We currently test the following:

  • Hammer integration (fb-hammer-tests.bats): runs the hammer-tests suite
  • MySQL database support: installs Foreman with --foreman-db-type=mysql
  • Puppet integration (fb-puppet-tests.bats): checking that modules can be installed, imported and applied to hosts
  • Puppet nightlies integration: checking that Foreman installs and functions with nightly Puppet packages (currently disabled)
  • umask 077 (fb-setup-umask.bats): installs Foreman under a umask of 077

Vagrant setup

foreman-bats is very simple - it's a bash script that executes as root on a host, installs Foreman and tests the result. Since we don't want to install Foreman directly on slaves, this is run on the Rackspace public cloud, under a project account.

The Jenkins jobs use Vagrant to create hosts on Rackspace and to run the foreman-bats project on it. Vagrant is installed via the foreman-infra Puppet modules along with the vagrant-rackspace plugin. This launches a standard Rackspace image for the OS under test, Vagrant rsyncs the current directory (workspace) to it containing foreman-bats, and the job script then executes the foreman-bats test over vagrant ssh.

The same Vagrant setup can be used to run foreman-bats locally via vagrant-libvirt or other plugins.

CentOS QA service

  • This change is in development, not currently in use.

CentOS offer access to their QA CI infrastructure to Foreman and other projects, which gives on-demand access to run tests on physical hardware running CentOS. It consists of three main components:

  1. ci.centos.org - a Jenkins instance which we can manage jobs on
  2. foreman@slave01 - a user account on a slave which our jobs all run on
  3. Duffy - on-demand provisioning of physical test servers running CentOS, available from foreman@slave01 jobs

Replacing Rackspace Cloud with Duffy

Our CI today runs the systest_foreman job on a slave, which uses vagrant-rackspace to create a VM of each supported OS on Rackspace on which tests are executed. These tests could be moved to Duffy hardware, reducing our usage of the Rackspace account, so we can run more static slaves for unit tests, and allowing us to run systest jobs more frequently or in more combinations (inc. nested virt).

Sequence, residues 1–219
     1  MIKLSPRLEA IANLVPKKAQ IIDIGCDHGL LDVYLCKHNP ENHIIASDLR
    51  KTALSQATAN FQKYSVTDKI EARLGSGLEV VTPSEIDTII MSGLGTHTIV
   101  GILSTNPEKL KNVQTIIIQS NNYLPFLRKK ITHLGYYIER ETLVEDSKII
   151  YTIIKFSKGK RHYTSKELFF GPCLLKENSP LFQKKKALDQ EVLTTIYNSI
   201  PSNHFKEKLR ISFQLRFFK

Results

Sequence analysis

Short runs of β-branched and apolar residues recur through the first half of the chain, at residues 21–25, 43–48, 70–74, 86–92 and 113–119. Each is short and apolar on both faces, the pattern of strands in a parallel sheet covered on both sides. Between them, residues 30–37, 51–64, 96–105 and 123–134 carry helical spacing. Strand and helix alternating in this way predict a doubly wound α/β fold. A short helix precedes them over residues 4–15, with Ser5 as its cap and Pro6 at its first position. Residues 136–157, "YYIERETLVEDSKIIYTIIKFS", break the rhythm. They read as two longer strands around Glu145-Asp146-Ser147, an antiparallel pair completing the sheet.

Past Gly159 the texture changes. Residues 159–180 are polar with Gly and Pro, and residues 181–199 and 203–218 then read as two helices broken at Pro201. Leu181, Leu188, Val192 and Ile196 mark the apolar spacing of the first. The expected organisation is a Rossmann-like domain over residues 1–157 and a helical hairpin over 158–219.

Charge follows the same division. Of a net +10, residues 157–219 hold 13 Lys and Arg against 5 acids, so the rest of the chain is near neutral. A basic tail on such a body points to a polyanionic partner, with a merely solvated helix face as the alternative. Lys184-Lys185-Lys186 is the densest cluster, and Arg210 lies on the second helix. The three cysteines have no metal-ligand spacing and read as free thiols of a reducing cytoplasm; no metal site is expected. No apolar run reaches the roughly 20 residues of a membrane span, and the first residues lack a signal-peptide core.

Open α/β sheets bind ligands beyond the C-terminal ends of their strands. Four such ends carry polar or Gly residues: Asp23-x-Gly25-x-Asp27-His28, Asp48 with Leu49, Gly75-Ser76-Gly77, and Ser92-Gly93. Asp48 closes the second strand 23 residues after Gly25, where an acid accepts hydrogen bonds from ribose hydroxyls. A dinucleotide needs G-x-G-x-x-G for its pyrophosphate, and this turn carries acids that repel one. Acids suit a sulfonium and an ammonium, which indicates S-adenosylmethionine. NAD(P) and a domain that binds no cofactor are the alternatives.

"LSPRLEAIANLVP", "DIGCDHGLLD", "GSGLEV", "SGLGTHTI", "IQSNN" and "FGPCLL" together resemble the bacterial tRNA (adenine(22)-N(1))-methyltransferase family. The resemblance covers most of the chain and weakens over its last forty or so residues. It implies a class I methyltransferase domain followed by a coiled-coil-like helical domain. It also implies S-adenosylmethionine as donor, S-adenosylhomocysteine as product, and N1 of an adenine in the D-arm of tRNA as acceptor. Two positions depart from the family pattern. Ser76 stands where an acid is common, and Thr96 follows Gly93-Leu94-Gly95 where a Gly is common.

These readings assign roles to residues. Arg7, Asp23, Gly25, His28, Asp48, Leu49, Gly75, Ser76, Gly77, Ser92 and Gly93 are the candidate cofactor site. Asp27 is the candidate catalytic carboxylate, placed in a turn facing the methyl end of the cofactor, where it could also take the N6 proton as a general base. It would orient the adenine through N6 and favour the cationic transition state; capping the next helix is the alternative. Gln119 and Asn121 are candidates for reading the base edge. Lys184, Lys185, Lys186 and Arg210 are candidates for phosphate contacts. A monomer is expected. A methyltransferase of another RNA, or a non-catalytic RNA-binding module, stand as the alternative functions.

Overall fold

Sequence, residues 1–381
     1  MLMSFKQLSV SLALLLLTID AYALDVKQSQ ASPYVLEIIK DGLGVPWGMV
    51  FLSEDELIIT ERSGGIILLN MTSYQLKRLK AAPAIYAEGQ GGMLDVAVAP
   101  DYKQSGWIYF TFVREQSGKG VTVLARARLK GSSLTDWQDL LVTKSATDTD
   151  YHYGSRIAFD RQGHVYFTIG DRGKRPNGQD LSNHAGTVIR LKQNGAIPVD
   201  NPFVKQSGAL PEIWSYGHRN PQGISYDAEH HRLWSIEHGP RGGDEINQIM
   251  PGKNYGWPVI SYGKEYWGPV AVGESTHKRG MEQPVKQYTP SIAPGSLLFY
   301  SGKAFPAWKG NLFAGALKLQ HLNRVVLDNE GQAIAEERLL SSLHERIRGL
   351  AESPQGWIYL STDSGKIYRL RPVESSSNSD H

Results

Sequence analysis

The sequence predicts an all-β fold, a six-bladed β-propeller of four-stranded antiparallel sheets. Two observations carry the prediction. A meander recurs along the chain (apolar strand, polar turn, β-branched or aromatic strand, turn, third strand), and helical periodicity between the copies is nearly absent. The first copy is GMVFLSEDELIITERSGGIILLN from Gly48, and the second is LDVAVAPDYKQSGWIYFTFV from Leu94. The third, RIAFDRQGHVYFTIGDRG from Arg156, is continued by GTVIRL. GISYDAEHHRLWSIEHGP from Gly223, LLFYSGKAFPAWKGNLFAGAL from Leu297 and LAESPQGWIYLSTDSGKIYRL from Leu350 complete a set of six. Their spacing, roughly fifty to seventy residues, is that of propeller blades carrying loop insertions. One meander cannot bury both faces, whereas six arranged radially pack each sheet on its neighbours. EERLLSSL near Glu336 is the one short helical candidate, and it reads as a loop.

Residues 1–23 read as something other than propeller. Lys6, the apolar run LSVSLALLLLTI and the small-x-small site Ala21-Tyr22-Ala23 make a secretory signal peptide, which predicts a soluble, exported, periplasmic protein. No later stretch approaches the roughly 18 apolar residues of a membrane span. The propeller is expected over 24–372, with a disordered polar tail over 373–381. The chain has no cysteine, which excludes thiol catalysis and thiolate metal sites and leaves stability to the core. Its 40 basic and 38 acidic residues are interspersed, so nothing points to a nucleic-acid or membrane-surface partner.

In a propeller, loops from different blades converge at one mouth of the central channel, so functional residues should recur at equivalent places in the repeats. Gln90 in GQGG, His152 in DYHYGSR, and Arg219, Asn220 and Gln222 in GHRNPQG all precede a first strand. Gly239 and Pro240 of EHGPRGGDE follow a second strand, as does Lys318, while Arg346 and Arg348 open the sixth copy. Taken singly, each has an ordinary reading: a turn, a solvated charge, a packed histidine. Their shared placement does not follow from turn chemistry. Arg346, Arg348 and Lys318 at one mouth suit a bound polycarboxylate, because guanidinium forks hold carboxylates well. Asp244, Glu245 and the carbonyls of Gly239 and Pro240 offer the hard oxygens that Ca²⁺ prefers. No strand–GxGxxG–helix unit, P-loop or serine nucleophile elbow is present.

Since Duffy is CentOS-only, we can use libvirt (preferably with vagrant-libvirt) to access each of our supported OSes. Vagrant could be installed on the Duffy-provisioned host, or once packaged via the SCLo SIG, even onto slave01 to save time. Suggested plan:

  1. Create systest_foreman_duffy on CentOS CI, accepting all the usual parameters, preferably via JJB
  2. systest_foreman_duffy has three build tasks:
    1. Execute shell (Python?): request new host from Duffy with /Node/get (example script)
    2. Execute shell: run usual vagrant up commands on remote Duffy host over SSH
    3. Post-build shell task: destroy the Duffy built host
  3. systest_foreman_* or release_test_* jobs on Foreman CI can call systest_foreman_duffy remotely via the remote trigger plugin

Managing jobs

Jenkins itself is deployed onto one master VM from foreman-infra. Jobs are maintained in two ways:

  1. Updated by hand - some developers have accounts to log in and modify jobs
  2. Jenkins Job Builder - a set of YAML configuration files in foreman-infra that generate jobs

New jobs should be written via Jenkins Job Builder if possible.

Jenkins Job Builder

Jenkins Job Builder (JJB) is an OpenStack tool for generating Jenkins job definitions (an XML file) from a set of YAML job descriptions, which we store in version control.

Puppet deploys these onto our Jenkins server (a recursive file copy) and when they change, it runs the JJB tool to update the jobs in the live instance. It also refreshes them daily to overwrite manual changes.

We use a fork of JJB with some extra support for plugins we use:

To test it:

  1. check out the above JJB repo and local branch
  2. recommended: create a Python virtualenv and activate it
    1. virtualenv jjb
    2. source jjb/bin/activate
  3. easy_install .
  4. check out foreman-infra
  5. cd foreman-infra/puppet/modules/jenkins_job_builder/files
  6. jenkins-jobs -l debug test -r . -o /tmp/jobs

JJB will populate /tmp/jobs with the proposed XML files.

Useful resources:

  1. Job definitions, templates etc.
  2. Modules, e.g. SCM, publishers, builders

Slaves

Configuration management

All slaves are maintained through our own Foreman instance using Puppet. The Foreman instance has a host group called "Base/Builders" and "Base/Builders/Red Hat" and "Base/Builders/Debian" which have the "slave" and other classes assigned to them.

https://github.com/theforeman/foreman-infra/tree/master/puppet/modules contains the source for all Puppet modules.

Slave requirements

  • CentOS 7
    • Clean, minimal base installation or the option to reinstall it
  • 2GB of RAM per vCPU (4 vCPU + 8GB RAM is typical)
  • 60GB disk (minimum), SSD preferred
  • ~20GB/month bandwidth
  • Public facing IP address
  • Root access

Configuring a new slave

If using Rackspace, start the new server via the web UI or the rumm CLI utility. Ensure you select:

  • Image: CentOS 7 (PVHVM)
  • Flavor: 4 GB General Purpose v1

Flavors with separate root/data disks only: set up the data partition for the Jenkins workspace:

  1. mkfs.ext4 -L data /dev/xvde1
  2. echo "LABEL=data /var/lib/workspace ext4 defaults,noatime 1 2" >> /etc/fstab
  3. mkdir /var/lib/workspace && mount /var/lib/workspace

Then:

  1. Ensure EPEL is configured: epel-release
  2. Ensure yum.pl.com is configured: puppetlabs-release
  3. yum -y install puppet
  4. echo "server = puppetmaster.theforeman.org" >> /etc/puppet/puppet.conf
  5. puppet agent -t
  6. Sign the certificate on the puppetmaster or via Foreman
  7. puppet agent -t
  8. Set the host group to "Base/Builders/Red Hat" in Foreman
  9. Run puppet agent -t twice (second run is important, due to the rvm module behaviour)
  10. Add the node by IP address to Jenkins, copying an existing slave (except slave01)